Lord, you have been our refuge from one generation to another so teach us to number our days, that we may apply our hearts unto wisdom. Ps 90, 1 + 12.

We have come to the end of our pilgrimage with the children of Israel, having seen how God delivered, protected, and provided for them until they were safely gathered in the promised place, where all they needed was provided. Today, we turn our attention to the church and the role of the church must play during and after this pandemic. If these are hard times for humanity, and if humanity is suffering, how is the church responding to the needs of the suffering? Someone sang a calypso heard ever so often on WSTA, “Sufferers don’t care who from country, sufferers don’t care who from town, sufferers only want to hear where the next food coming from”.

Throughout the year we have heard enough stories of suffering from the sacred text and the providence of God responding to such suffering to open our eyes to the suffering of our present time and the need for the instrument, the church of God in the world, to respond as God responded in ancient time and now calls the church to respond. God not only responded to the physical and spiritual needs of the people, but God also raised up leaders among them to assist in the administration of God’s providential care and justice. During this present pandemic many are looking for a response to their present dilemma. Only the church of the living God is able to provide what is needed to sustain the hungry, the thirsty, the naked, the stranger, the sick, the aged, all sorts and conditions of humanity. Now is the time for the church to prove that God is alive and active in the community, moving among us, and providing all that is needed.

Today’s reading from Matthew 25:31-46 confronts us with what is expected of us, the church. Followers of the Jesus movement cannot hide from the responsibility to take the lead in giving hope to so many who are suffering in one way or the other. Just last week we read in scripture of the talents given to be used as God gave us the ability. How interesting this is, that God knows what each one of us is capable of doing and therefore God gave us just what we need to accomplish the mission at hand. There is an implication that if our resources are exhausted, God will also supply all that we need to accomplish the task. That is the test to see how we would respond with what we have, be it little or much. This week we hear the results of our test.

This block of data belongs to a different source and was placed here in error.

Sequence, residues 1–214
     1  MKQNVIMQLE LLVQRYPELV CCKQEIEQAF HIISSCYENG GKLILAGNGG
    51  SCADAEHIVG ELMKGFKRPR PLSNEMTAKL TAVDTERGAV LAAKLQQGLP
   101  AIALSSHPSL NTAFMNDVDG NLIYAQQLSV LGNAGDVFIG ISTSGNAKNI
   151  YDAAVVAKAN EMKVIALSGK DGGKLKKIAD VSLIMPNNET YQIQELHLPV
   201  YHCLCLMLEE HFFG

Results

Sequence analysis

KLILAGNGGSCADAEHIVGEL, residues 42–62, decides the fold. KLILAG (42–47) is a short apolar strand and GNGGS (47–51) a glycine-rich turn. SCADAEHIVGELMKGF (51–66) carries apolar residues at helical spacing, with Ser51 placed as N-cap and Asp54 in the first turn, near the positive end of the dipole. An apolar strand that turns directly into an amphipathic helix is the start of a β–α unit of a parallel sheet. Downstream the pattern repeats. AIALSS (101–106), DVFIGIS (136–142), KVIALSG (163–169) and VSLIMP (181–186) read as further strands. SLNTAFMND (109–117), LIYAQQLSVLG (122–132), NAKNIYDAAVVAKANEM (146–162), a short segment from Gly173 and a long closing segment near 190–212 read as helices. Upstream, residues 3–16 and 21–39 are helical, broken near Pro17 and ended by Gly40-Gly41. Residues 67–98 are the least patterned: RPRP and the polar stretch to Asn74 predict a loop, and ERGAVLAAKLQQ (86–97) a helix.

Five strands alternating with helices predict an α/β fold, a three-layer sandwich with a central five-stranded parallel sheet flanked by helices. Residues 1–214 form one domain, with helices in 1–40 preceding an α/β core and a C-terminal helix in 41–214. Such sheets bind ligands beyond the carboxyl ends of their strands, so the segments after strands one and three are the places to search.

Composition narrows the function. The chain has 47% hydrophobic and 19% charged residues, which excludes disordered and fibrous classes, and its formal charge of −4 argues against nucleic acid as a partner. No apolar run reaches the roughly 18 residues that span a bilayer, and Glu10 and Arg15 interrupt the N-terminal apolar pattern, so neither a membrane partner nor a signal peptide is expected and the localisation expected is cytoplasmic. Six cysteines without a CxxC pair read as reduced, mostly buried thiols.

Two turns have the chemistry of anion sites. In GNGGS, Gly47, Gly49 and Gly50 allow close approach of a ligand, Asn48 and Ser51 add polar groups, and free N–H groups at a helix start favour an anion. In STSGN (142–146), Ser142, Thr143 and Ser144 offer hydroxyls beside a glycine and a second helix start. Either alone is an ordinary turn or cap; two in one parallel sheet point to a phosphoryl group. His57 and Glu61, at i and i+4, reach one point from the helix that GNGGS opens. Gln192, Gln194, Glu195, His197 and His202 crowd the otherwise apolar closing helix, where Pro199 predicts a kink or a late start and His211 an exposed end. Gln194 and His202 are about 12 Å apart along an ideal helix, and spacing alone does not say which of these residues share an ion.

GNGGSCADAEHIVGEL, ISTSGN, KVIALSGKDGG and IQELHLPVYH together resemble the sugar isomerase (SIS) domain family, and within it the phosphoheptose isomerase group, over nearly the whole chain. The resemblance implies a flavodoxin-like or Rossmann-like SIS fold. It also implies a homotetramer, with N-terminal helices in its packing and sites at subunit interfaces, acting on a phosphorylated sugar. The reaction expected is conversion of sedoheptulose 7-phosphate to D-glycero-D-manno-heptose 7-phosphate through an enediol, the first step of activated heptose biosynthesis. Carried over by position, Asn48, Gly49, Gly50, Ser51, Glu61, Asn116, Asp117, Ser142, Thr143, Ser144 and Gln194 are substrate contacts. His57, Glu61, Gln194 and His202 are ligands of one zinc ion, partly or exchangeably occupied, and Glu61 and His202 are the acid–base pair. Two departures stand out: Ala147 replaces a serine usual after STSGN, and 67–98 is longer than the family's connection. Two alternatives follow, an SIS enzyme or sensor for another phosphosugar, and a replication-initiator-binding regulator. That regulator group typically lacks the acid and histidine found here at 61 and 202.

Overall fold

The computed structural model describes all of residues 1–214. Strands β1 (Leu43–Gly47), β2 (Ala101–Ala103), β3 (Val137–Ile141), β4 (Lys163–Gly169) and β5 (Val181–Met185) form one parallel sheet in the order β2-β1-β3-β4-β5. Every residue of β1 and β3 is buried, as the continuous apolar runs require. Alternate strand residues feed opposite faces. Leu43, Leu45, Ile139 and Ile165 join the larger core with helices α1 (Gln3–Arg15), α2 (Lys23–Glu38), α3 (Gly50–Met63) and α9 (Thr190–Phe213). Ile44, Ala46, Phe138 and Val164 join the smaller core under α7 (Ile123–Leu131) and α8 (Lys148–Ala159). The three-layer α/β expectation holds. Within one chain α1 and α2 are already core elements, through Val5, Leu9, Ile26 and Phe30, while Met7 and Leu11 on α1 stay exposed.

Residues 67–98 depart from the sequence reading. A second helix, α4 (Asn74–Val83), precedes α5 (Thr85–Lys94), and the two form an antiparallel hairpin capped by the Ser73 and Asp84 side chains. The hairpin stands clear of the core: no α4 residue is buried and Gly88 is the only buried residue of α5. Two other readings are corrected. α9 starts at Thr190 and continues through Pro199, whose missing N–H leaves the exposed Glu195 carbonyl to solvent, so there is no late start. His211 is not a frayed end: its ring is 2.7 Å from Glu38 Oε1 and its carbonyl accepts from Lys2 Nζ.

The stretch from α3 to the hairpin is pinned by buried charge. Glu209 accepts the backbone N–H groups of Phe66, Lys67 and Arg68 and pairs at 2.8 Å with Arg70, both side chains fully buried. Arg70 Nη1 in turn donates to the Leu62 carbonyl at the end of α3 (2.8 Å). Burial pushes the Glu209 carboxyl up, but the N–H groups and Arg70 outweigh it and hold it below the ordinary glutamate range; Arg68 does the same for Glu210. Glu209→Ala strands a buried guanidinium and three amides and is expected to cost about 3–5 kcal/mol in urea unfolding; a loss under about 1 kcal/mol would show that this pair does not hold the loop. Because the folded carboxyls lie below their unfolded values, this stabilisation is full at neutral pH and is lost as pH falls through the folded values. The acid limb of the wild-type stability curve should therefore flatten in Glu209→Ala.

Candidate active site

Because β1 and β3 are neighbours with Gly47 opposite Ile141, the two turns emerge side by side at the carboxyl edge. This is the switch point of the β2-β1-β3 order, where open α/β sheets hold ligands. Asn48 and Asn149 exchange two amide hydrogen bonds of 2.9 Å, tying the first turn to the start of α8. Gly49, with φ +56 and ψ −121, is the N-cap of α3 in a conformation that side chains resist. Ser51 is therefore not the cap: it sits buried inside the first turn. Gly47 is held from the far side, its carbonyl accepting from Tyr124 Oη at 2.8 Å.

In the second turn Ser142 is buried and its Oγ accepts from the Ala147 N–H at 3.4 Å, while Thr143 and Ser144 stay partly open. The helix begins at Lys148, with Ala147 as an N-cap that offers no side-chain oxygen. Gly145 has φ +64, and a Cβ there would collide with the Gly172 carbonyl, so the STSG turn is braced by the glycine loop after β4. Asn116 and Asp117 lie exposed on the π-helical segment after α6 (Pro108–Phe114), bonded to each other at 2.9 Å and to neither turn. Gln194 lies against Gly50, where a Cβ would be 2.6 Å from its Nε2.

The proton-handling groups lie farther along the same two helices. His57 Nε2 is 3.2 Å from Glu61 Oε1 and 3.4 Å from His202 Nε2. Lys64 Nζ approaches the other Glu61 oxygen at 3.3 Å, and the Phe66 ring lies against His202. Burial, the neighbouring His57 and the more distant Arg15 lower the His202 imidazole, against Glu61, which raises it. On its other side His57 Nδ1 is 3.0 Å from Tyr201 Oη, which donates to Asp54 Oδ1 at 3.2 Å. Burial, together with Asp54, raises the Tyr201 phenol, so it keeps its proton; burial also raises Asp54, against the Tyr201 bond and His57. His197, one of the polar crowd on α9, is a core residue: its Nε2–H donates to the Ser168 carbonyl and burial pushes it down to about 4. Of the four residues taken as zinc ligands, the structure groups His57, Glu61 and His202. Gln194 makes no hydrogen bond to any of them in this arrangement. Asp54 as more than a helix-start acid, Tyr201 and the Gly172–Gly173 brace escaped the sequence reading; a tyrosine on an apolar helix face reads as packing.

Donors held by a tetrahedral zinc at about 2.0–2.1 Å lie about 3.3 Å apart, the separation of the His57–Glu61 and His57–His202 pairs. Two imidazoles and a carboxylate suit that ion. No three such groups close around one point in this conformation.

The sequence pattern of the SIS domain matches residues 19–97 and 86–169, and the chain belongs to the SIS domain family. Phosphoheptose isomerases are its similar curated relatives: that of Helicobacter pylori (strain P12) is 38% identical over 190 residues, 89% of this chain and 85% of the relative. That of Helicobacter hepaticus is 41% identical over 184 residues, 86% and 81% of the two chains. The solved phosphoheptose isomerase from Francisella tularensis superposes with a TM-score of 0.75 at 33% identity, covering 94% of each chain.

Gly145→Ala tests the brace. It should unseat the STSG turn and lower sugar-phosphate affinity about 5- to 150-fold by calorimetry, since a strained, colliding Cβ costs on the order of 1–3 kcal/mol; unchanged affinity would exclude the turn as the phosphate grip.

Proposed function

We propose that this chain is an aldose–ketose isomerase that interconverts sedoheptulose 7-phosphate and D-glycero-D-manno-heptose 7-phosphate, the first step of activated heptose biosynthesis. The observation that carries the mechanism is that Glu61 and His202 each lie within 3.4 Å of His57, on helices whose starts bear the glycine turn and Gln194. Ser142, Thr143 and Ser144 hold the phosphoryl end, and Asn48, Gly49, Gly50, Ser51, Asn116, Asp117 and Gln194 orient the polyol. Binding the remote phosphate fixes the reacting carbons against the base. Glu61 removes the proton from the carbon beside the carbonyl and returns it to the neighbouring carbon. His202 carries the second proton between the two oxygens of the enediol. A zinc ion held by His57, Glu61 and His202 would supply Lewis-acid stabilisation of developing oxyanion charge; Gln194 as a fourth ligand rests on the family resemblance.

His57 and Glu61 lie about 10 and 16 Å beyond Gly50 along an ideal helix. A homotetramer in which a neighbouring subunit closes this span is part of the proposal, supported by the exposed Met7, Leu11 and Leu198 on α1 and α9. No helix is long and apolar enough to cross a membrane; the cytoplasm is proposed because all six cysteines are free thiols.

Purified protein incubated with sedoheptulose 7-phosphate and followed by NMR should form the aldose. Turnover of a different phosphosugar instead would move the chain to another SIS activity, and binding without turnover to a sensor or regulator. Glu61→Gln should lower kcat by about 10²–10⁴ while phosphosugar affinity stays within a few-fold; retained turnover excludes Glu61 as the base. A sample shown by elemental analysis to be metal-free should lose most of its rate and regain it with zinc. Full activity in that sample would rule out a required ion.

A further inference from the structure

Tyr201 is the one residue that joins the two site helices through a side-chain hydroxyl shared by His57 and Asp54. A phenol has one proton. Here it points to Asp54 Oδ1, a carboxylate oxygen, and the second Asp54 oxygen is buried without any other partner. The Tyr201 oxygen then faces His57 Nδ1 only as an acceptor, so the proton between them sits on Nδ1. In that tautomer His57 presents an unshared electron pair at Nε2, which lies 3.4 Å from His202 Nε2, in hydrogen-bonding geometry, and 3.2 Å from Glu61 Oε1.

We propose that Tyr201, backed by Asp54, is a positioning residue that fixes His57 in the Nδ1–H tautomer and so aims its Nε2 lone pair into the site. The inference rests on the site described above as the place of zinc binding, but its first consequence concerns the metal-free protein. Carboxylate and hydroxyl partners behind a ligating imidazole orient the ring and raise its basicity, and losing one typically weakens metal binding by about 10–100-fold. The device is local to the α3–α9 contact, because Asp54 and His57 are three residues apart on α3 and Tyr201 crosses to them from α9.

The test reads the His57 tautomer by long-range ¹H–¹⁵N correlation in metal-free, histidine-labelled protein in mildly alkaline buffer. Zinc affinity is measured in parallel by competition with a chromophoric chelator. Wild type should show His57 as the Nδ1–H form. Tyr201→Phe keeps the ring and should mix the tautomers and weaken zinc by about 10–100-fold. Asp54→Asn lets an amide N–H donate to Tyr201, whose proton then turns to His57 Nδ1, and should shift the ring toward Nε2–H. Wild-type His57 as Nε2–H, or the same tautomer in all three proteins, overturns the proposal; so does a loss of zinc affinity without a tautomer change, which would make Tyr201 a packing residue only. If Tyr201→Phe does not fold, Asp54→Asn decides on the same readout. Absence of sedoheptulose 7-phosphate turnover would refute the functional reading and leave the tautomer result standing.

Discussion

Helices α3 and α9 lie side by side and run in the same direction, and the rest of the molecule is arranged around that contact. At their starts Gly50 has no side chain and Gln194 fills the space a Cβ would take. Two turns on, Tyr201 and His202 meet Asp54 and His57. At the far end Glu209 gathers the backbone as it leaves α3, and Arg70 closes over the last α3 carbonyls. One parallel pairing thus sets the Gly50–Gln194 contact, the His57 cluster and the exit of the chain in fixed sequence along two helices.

The church today must seriously consider how effective we have been in fulfilling this God appointed responsibility. In many communities throughout the world and in many ways, the church is finding the resources to respond favorably to the needs of our time. From food banks, to kitchen gardens, to laundromats, to feeding kitchens, and thrift shops, you name it, many communities of faith are finding ways to make the Love of God tangible, thus pointing hurting humanity towards a loving God who cares so much for the human family that God came and dwelt among them.

If we have learned anything from history, it must be that this pandemic will one day end. Each time a pandemic occurred in history, beginning with the sacred text, it ended, and lives were spared. Therefore, there is coming a day when this will end, and we will have a story to tell and/or an account to give of how we responded to the most vulnerable among us. The church will be the most responsible agency in giving an account of her mission and ministry during the pandemic. You see, sufferers will want to know what the church did to make life a little better for the community. How did the church make a difference during the pilgrimage to the promised place of health and wholeness? What did the church do to give hope to those who were walking in darkness, not knowing their way through the wilderness? How did the light of hope shine through the darkness and illumine the way for the pilgrims?

Matthew’s gospel reminds the church of her responsibility to humanity at all times. As the church serves the needs of others, the church fulfills her calling. The reward for such service will be what Jesus said to those who had been faithful with the resources they possessed. In the gospel of Matthew, Chapter 25: Jesus said to those faithful servants, I was hungry and you gave me something to eat, I was naked and you gave me something to wear, I was thirsty and you gave me something to drink, I was a stranger and you welcomed me, I was sick and infirmed and you visited me. Such simple statements baffled the hearers. Maybe they thought they needed to do something spectacular, something great, something more worthy of recognition. But they learned that the little things meant much to God.

This should remind us of the talents that were shared according to the receiver’s ability. We will notice that it did not matter the amount given; what mattered was what was done with what was given. Those who used their talents to the honor and glory of the Giver received the same reward: “Well done thou good and faithful servant, you have been trustworthy in a few things, I will put you in charge of many things, enter into the joy of your master.”

As we come to the end of the church’s year, may we look on the time past and examine ourselves and our ministries, to determine honestly how faithful we have been with all that God has given us. To do so will fulfill, Psalm 90:12: so, teach us to number our days, that we may apply our hearts unto wisdom.

— The Right Rev. Edward Ambrose Gumbs is the Episcopal bishop of the Diocese of the Virgin Islands, which encompasses the Episcopal churches on St. Croix, St. Thomas and St. John and the Anglican churches in Tortola and Virgin Gorda.